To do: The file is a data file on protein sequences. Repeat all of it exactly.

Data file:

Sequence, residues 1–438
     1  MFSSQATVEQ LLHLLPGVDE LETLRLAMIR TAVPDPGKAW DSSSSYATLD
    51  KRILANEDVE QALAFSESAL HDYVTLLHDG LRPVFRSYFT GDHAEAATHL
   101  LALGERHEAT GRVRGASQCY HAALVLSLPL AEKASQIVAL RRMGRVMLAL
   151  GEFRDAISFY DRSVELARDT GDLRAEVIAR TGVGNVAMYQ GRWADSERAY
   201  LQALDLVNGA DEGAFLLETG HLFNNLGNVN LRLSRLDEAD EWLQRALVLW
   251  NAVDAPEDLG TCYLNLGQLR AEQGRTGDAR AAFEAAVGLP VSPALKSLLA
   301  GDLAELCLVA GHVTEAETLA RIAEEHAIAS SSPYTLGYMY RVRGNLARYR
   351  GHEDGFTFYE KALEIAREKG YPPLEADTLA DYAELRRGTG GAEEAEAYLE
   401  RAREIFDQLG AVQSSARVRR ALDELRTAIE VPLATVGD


Sequence, residues 1–438
     1  MFSSQATVEQ LLHLLPGVDE LETLRLAMIR TAVPDPGKAW DSSSSYATLD
    51  KRILANEDVE QALAFSESAL HDYVTLLHDG LRPVFRSYFT GDHAEAATHL
   101  LALGERHEAT GRVRGASQCY HAALVLSLPL AEKASQIVAL RRMGRVMLAL
   151  GEFRDAISFY DRSVELARDT GDLRAEVIAR TGVGNVAMYQ GRWADSERAY
   201  LQALDLVNGA DEGAFLLETG HLFNNLGNVN LRLSRLDEAD EWLQRALVLW
   251  NAVDAPEDLG TCYLNLGQLR AEQGRTGDAR AAFEAAVGLP VSPALKSLLA
   301  GDLAELCLVA GHVTEAETLA RIAEEHAIAS SSPYTLGYMY RVRGNLARYR
   351  GHEDGFTFYE KALEIAREKG YPPLEADTLA DYAELRRGTG GAEEAEAYLE
   401  RAREIFDQLG AVQSSARVRR ALDELRTAIE VPLATVGD